Pledges, platitudes and protocols won’t repatriate seafarers
It is glaringly apparent how little lobbying power shipowners have. They form a fragmented, disparate group who shun the limelight
Using the forum of a virtual summit, shipping leaders are starting to realise that they must act in concert and bring more pressure to bear on governments if they are to get seafarers to and from their destinations in anything like normal timescales
OUR journalists spend hours — sometimes days — chasing down industry leaders to secure the insight and analysis our readers expect.
However, today was different. Today, some of the world’s most senior maritime executives responded to our inquiries within minutes.
Why? Because the topic was how to explain why a serious and invisible humanitarian crisis isn’t being resolved faster. Hundreds of thousands of exhausted, anxious seafarers remain stuck on ships around the world and can’t return home because of travel restrictions imposed as a result of the coronavirus outbreak.
Five months after a cascading series of country lockdowns raised this global logistical challenge, the situation on vessels worldwide is now critical and urgently needs to be addressed. Crew change summits, platitudes, pledges and protocols are failing to repatriate seafarers.
“The goalposts are always moving, even at the last minute,” said Matt Dunlop from shipmanager V.Ships. “It’s changing by the day.”
Three quarters of necessary crew changes haven’t occurred since March. Getting crew from supplying nations to fly out to their destination or return to their home country remains challenging. Shipmanagers are making 10 times the effort to get less than half their people changed, another said.
Consistency is at the heart of repatriation. Seafarers need regular daily commercial flights from their home country to key crew change destinations. Consistency helps planning. Ships then don’t have to stay in port for indeterminate periods awaiting flights in and flights out. Seafarers don’t get stuck in limbo.
Most consulates and passport offices are shut, making visas and certification certificates nigh impossible to secure, especially in the Philippines, the biggest supplier of the world’s 1.5m seafarers.
Options in Europe’s 26-country Schengen area to have visas available at the airport would facilitate crew travel and transfers on the ground. This isn’t in place. Only seafarers with existing visas can change in many European countries, which is where one of the most significant bottlenecks remains.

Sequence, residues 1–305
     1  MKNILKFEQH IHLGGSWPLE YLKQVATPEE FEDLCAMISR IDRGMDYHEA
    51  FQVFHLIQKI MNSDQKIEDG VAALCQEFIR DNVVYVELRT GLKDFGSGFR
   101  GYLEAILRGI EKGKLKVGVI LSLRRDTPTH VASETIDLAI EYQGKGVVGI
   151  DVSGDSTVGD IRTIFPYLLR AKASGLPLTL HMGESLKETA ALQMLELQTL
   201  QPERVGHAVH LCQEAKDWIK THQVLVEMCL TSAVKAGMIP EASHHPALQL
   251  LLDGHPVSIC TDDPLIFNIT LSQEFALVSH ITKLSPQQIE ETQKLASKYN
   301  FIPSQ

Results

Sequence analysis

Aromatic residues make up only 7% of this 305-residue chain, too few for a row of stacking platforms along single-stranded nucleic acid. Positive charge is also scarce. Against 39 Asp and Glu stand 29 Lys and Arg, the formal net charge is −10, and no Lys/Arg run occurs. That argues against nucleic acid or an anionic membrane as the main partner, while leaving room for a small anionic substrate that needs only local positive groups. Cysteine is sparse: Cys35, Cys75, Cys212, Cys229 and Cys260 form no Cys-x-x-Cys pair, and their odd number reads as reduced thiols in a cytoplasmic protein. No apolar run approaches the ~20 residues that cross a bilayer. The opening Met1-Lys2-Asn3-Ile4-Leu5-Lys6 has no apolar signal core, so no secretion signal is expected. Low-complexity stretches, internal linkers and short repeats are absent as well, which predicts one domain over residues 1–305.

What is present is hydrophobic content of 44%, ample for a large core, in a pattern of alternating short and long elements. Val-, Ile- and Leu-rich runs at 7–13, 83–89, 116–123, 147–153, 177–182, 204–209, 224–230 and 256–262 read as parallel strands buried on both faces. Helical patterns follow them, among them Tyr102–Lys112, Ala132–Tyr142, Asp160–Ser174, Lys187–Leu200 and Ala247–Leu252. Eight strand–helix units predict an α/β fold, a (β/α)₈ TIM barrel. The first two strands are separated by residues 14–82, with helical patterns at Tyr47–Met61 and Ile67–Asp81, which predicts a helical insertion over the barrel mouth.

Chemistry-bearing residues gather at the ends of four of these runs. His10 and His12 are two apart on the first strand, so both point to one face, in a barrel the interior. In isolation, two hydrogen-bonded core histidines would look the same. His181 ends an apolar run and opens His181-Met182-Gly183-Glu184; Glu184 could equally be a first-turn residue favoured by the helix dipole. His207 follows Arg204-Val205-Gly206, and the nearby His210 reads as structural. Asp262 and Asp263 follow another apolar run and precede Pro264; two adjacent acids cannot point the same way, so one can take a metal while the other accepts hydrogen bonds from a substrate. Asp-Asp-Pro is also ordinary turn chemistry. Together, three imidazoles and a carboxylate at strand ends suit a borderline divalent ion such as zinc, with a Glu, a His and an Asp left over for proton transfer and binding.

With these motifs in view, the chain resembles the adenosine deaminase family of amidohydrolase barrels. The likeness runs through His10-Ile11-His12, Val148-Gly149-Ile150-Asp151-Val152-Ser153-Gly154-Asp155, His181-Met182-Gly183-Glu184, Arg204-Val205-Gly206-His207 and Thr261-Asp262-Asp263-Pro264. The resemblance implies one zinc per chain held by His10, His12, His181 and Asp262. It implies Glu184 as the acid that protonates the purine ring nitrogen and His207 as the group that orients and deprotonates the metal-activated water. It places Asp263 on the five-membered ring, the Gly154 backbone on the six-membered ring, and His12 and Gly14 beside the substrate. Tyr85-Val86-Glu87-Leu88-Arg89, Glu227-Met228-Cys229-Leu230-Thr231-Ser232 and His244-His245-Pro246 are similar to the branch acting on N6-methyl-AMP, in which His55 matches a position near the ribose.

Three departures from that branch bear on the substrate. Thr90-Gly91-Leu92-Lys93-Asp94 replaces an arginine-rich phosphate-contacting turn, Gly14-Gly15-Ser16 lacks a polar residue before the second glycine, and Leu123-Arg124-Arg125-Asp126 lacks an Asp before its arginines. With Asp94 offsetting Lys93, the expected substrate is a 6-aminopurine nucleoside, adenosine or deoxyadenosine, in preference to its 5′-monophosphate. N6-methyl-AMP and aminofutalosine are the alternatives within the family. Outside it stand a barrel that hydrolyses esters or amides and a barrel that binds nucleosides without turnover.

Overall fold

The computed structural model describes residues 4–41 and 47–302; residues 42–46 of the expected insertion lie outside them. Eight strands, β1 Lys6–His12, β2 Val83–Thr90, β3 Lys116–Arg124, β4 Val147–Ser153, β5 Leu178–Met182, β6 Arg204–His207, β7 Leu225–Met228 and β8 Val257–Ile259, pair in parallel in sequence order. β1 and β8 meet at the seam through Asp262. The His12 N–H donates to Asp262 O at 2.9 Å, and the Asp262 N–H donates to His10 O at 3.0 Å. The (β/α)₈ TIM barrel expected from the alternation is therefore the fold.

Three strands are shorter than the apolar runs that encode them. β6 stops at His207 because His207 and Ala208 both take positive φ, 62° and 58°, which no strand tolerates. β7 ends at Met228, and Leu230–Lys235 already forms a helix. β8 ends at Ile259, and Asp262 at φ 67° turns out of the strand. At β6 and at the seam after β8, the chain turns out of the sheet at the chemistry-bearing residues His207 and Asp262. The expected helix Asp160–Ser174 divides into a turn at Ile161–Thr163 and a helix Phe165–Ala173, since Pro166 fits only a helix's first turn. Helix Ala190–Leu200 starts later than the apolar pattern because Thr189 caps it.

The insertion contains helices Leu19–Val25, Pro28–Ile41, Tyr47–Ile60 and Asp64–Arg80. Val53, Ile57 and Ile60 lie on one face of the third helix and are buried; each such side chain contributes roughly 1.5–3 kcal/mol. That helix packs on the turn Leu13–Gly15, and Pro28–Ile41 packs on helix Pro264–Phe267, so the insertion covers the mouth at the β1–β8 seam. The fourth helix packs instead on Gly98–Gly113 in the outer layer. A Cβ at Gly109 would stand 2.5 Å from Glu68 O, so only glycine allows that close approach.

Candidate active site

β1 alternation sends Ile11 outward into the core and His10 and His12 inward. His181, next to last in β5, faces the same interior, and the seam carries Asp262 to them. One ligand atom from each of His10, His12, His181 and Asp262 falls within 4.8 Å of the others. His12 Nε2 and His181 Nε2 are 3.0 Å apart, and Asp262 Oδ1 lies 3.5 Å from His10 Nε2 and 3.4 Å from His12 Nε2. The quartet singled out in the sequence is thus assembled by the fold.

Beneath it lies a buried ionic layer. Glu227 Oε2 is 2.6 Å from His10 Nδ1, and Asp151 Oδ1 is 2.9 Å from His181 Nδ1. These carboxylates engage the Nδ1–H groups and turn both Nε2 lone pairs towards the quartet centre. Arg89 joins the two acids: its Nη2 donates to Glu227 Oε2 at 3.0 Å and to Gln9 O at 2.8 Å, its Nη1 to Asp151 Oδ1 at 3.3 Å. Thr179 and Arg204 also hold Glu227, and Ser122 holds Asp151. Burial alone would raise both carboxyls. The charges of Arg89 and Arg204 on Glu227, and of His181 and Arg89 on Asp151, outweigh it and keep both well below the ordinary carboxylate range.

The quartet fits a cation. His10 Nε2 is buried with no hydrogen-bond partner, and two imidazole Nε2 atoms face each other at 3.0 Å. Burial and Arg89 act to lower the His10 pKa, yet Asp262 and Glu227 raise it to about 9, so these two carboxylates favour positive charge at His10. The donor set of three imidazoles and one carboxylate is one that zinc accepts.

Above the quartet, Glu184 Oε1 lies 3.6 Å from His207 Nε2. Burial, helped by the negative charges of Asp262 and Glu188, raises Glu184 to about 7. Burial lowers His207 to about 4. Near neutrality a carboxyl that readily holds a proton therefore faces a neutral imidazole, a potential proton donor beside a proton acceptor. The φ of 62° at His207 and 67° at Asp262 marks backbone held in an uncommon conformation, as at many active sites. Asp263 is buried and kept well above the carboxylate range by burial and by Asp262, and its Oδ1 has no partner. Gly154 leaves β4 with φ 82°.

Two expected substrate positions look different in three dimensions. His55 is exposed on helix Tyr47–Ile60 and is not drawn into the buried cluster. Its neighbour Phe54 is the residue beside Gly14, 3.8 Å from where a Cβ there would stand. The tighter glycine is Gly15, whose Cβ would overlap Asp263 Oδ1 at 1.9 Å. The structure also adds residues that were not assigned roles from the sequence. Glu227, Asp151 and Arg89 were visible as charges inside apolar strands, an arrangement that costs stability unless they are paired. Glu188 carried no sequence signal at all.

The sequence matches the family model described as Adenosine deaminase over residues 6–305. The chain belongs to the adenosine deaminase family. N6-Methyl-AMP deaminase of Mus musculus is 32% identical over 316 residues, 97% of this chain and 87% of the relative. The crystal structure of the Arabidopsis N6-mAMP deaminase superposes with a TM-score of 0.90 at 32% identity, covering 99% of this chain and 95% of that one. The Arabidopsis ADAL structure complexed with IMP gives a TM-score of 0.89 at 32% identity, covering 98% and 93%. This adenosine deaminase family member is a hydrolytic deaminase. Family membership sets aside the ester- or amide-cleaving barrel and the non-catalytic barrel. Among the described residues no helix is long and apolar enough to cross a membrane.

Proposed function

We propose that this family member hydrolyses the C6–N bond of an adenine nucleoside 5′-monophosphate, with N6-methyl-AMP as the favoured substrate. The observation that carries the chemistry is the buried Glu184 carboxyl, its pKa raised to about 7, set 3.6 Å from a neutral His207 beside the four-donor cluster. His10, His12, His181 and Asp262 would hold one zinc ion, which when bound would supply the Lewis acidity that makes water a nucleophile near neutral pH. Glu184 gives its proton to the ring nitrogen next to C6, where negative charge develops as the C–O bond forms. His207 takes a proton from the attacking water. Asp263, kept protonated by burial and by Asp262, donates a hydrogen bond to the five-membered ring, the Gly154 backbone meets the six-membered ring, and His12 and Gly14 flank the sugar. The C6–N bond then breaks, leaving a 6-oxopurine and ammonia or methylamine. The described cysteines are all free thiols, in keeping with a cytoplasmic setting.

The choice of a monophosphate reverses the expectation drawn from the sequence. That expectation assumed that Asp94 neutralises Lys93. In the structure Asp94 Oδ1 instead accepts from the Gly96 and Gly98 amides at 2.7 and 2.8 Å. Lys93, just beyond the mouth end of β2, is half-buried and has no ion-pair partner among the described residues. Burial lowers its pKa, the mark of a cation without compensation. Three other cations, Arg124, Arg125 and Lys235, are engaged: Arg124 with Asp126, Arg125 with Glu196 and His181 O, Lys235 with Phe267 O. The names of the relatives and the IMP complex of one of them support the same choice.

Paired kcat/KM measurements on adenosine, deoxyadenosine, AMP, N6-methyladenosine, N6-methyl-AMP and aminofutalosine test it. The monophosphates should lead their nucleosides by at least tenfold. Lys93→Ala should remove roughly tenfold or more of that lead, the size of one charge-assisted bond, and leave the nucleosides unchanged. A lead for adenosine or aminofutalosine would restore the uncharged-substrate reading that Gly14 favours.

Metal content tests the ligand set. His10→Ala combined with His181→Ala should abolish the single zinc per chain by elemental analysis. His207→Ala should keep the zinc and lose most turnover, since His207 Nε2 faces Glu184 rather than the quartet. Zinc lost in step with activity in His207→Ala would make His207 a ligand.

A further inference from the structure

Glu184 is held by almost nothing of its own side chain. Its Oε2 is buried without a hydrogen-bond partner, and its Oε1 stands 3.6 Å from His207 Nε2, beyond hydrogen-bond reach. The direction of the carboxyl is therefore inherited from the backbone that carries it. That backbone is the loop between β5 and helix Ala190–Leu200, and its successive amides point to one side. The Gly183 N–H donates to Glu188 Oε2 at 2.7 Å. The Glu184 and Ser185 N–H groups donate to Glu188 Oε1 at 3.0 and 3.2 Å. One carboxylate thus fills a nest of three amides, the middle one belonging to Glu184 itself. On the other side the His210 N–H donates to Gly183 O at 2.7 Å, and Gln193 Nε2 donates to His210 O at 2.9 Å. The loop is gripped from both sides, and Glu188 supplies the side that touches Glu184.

The International Maritime Organization has issued policies and procedures to guide authorities. Not all governments have adopted them. Many failed to send a representative to today’s UK-led International Maritime Virtual Summit on Crew Changes.
Countries must adopt a bilateral approach and then ensure their immigration and transport policies are coordinated, and waivers or exemptions granted and fairly applied.
Those who under-estimate the damage that this inconsistency is doing to seafarers’ mental wellbeing do so at their peril. Safety is at stake when tired, depressed, anxious seafarers are shipping commodities like oil in tankers.
Even divine intervention in the form of the Pope has failed to stir action over the plight of seafarers and cut through the quagmire of red tape that will alleviate the crisis.
Seafarers have long been the invisible heroes of globalisation and trade, shipping billions of tonnes of energy commodities, consumer goods and industrial materials each year. Of all the many pandemic-related tragedies this one remains among the most distressing for its sheer longevity, scale and invisibility.
It is glaringly apparent how little lobbying power shipowners have. They form a fragmented, disparate group who shun the limelight.
The miners and oil traders who rely on seafarers to ship their commodities that secure their profits have remained silent too, to their shame. They are one of the few segments within the shipping logistics chain with pathways to power and must lend their heft to this desperately sorry situation.
One maritime executive showed Lloyd’s List his company’s spreadsheet collating thousands of crew changes needed from hundreds of ports involving dozens of nationalities. By the end of the month, a third of the crew will be overdue and once August is over that figure rises to 56%.
The pace of crew repatriation is not fast enough and the backlog is rising.
Unemployed crew ashore need to get on board so they can feed their own families and relieve others. The global maritime sector has failed to persuade governments that seafarers’ plight must be higher on their coronavirus agenda.
The virtual summit convened by the UK shone yet another light on seafarers to those governments who bothered attending.
A good start is for countries to designate seafarers as “key workers”. This will identify those governments and authorities serious about a resolution.